When you’ve worked hard to succeed, you certainly will feel you’re in the highest heaven when the company you’ve founded will make it. Imagine yourself in the shoes of Erik Yuan who left a 6-digit job in Cisco to start a novel smartphone-based video conferencing app called Zoom. You certainly will feel vindicated when after long years of finding investors you see your company grow exponentially in 2020 (when the virus hit town) — to make you a billionaire twice over. However, be wary. Such success can be blinding.
Indeed, many businesses which experienced overwhelming success in America failed to make it in other markets worldwide. It’s easy to think that what works in America will work anywhere else, but no. When you’re too consumed by your success, chances are you won’t adjust your strategy when going to a foreign market. And there goes your money.
Failing to Adjust Locally is Preparing to Fail
Take the case of Walmart, long hailed as the biggest retailer in the continent and the biggest employer worldwide. In 1997, the big-box retailer opened a shop up in Germany going strong with 85 stores. But it seems Germans didn’t respond as planned. To boot, they didn’t appreciate people greeting them at the store doors as it’s not in their custom. Plus, they felt offended having somebody else bag customer groceries was a bit off.
It would seem Walmart didn’t do its homework when it tried to crack that European market. In 2006, America’s biggest retailer packed its bags and closed all its shops in Germany. The cost of its German venture: $1 billion.
Walmart was not the only big-box retailer that failed in a foreign market. Another was Home Depot, America’s well-loved DIY company. In 2006, with China enjoying its growth spurt and basking in the sun with all its newfound glory, Home Depot thought the time has come for it to crack open the China market. And opened it did. With 12 stores, everything seems on track. But not if the Chinese can’t help it.
After half a decade, America’s top DIY store had to close all its shops in China. Apparently, the Chinese didn’t find DIY a hobby worth spending time on. Unlike Americans which find repairs and projects around the house as worthwhile, the Chinese consider repairs as a sign of poverty.
Conquering the World by Going Local
Right from the onset, giving local markets a lot of thought is wise. Even for small and midsize companies, the ‘think global, act local’ approach is helpful when you want to export your brand. With smaller elbow room when it comes to capital, you really can’t afford to gamble your international interests with sloppy marketing.
Here are ways you can create a good impression on your brand when you visit and explore a foreign market:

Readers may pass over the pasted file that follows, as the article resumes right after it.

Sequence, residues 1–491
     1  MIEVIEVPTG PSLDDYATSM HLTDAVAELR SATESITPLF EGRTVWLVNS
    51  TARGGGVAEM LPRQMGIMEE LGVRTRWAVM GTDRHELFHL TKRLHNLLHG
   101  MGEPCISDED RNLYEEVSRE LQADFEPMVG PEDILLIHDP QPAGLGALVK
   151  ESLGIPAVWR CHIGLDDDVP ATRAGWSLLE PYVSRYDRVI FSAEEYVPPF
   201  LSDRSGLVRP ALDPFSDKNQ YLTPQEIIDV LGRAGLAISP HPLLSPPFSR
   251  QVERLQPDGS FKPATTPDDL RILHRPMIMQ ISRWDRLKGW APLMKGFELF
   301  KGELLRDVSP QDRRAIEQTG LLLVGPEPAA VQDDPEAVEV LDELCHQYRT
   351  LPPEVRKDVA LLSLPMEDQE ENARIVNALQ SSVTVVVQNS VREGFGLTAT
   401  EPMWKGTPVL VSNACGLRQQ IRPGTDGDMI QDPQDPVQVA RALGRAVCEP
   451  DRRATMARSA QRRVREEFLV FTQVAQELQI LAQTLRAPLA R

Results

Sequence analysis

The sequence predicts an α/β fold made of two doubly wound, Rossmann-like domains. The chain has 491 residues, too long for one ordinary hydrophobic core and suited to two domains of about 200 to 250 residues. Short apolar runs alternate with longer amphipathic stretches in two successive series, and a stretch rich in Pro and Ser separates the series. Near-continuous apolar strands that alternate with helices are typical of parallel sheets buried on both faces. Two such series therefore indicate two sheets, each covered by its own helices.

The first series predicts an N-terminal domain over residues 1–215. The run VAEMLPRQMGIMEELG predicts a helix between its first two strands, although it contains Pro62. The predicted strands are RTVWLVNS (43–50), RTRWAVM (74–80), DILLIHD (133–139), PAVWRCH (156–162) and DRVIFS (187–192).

Understand Business Cultures
Failing to research business cultures ahead of time can have dire consequences. That can certainly show you haven’t done your homework and are not truly interested in the market you’re vying to conquer. Take note that each country has strong traditions.
Knowing these traditions ahead of time can save not only embarrassing moments but also, most importantly, your company’s prospects of gaining ground. For instance, in Japan people bow to each other when equals meet. You may not lose the deal then and there if you don’t do a ceremonial bow, but certainly, that tells your counterpart you are ill-prepared for the job.
Expand Your Palate
It’s advisable you learn of the traditions pertaining to food and dining so you will know how to roll with the punches when the official meeting begins. In France, for instance, dining with lots of courses is nothing new but don’t forget it can really go long and winding with lots of wine and talk.
Being aware of local dishes can be a good thing too. It can introduce you to possible business ventures. For instance, beautiful pizzelle cookies, branded as the oldest cookies in the world, came from two small towns in Italy, Calcullo and Salle. Finding such delicious treats in your travels could be just the idea you need to wow American consumers back home.
Dress the Part
When in a business meeting in a foreign land, taking time to research what are the cultural expectations with regard to clothes is wise. That way you don’t overdress or become drab. In short, you don’t offend.
Learn the Language
You need not be as fluent as a native speaker but if learning a local language can become a good introduction for you. The video of the Facebook founder, Mark Zuckerberg, speaking Chinese in a Chinese forum is a great example.
By learning the local language you show people of other cultures how much interested you are in their culture. It breeds goodwill. And best of all, it wins the hearts of local consumers. And that’s what matters most.